Flame Works and Supplies Limited has rejected and counterclaimed against a US$600,000 breach of contract claim filed in the High Court by Umesh Patel and Time Trucking Limited.
Flame has claimed that from a contract sum of US$1,250,000 there was an outstanding US$149,153.63 because the house they were contracted to build was completed and occupied by the family.
Flame has now counterclaimed demanding to be paid US$833,753:63 with interest as outstanding dues.
Flame has dismissed as unfounded allegations of poor workmanship and delays, stating that the house was handed over in 2013 and that since then the family had not suffered and distress and inconvenience “ As they have happily in occupation of the house since 14th November 2013 and have held diverse social functions at the said house.”
This is a case in which Lusaka’s Eureka Park proprietor Umesh Patel has sued Flame Works and Supplies Limited for breach of contract and damages amounting to US$603, 683, 44.
Mr. Patel has complained that the house was not completed to specification as there was subsidence and ingress of mosisture whiuch had resulted in cracks in walls and moisture penetration leading to peeling of paint and as a result he had suffered loss.
The express term of contract was such that Mr. Patel would pay the contractor a procurement fee in the sum of US$700, 000 to enable them begin shop drawings.
He has argued that Flames Works agreed to carry out the works with expertise, reasonable care and skill but the contractor alleged failed to build a proper foundation to prevent subsidence which resulted in cracked walls.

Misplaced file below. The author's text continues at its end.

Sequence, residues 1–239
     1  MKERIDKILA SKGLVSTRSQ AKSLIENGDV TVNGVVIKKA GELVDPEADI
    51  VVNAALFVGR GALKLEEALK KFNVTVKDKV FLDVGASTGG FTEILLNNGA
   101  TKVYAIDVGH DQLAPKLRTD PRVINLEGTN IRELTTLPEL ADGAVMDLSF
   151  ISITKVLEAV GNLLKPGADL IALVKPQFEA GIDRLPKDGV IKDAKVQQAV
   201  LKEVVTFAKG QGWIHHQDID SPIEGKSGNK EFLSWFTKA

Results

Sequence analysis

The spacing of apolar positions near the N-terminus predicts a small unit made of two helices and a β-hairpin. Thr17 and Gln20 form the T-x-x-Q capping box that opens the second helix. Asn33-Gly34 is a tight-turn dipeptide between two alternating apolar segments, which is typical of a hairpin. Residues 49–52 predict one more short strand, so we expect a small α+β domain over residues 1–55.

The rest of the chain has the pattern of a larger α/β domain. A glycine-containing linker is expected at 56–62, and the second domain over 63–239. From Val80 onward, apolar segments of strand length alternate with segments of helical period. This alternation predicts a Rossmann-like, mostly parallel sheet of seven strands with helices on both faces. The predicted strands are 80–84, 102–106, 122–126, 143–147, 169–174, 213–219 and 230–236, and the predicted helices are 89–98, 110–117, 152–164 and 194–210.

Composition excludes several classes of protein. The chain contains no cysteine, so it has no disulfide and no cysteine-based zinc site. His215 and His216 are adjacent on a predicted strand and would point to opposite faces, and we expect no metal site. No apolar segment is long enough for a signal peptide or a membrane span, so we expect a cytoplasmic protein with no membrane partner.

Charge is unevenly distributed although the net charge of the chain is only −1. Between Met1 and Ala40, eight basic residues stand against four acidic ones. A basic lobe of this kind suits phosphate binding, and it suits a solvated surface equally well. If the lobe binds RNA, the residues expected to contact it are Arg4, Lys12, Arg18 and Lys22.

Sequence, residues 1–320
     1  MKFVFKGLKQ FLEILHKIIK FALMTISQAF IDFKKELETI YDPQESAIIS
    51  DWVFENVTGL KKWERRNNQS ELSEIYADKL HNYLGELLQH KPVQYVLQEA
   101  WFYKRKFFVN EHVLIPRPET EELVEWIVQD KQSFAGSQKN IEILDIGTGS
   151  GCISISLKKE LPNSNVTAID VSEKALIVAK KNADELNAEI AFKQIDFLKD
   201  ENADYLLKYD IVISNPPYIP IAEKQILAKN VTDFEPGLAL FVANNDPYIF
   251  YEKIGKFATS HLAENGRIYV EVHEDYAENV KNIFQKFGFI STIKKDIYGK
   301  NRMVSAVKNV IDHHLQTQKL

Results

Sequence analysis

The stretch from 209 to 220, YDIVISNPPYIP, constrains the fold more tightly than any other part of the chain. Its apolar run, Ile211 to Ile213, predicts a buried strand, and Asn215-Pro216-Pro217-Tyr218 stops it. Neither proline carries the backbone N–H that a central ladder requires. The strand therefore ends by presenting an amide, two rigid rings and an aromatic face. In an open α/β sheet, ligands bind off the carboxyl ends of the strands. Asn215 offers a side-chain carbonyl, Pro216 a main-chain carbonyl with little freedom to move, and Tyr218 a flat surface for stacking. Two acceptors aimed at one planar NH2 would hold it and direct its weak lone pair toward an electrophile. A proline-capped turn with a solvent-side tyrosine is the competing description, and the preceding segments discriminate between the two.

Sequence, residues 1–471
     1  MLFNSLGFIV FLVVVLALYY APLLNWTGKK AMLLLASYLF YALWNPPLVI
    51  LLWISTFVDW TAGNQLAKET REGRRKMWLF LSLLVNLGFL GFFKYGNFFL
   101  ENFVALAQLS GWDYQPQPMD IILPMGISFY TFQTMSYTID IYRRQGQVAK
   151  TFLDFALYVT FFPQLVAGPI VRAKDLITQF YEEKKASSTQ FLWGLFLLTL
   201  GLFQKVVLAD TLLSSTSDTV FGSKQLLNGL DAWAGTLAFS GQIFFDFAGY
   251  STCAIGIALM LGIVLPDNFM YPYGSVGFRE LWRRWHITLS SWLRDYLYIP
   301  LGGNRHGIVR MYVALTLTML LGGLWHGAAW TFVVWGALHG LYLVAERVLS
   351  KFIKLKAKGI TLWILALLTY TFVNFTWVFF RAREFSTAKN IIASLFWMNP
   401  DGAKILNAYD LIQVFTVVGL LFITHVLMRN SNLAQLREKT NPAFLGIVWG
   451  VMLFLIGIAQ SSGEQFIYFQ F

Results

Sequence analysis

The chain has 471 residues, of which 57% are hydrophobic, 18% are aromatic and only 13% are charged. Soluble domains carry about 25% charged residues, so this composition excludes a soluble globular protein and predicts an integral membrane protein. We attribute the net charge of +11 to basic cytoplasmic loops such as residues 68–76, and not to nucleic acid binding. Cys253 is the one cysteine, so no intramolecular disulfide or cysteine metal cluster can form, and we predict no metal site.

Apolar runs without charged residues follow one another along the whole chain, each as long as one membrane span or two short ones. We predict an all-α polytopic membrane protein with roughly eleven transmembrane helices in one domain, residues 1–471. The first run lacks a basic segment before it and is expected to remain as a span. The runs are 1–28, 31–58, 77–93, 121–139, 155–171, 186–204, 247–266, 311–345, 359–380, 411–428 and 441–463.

But Flames Works in its defence and counterclaim has stated that although it agreed to build the house, he did not consent to decorating it.
The constructor has argued that the supply of Zesco main electricity networks, external electrical works and the provision of landscape related civil works, external pool, sauna and salination plant were not part of the contract.
Flame Works has further argued that all materials it supplied were inspected and approved by Mr Patel’s design architects.
The contractor has therefore demanded that Mr Patel should be stopped from alleging poor workmanship when the plaintiff and his family have been in occupation of the house since November 2013.
The contractor has stated that the works on the house were completed by November 14, 2013 when it was handed over to Mr Patel and his family.
Flames and Works has denied that Mr Patel and family have suffered distress and inconvenience as they had been happily in occupation of the house since November 14, 2013 and have allegedly held diverse social functions at the same house.
Flames Works is therefore demanding from Mr Patel US$833,753:63 with interest as outstanding dues.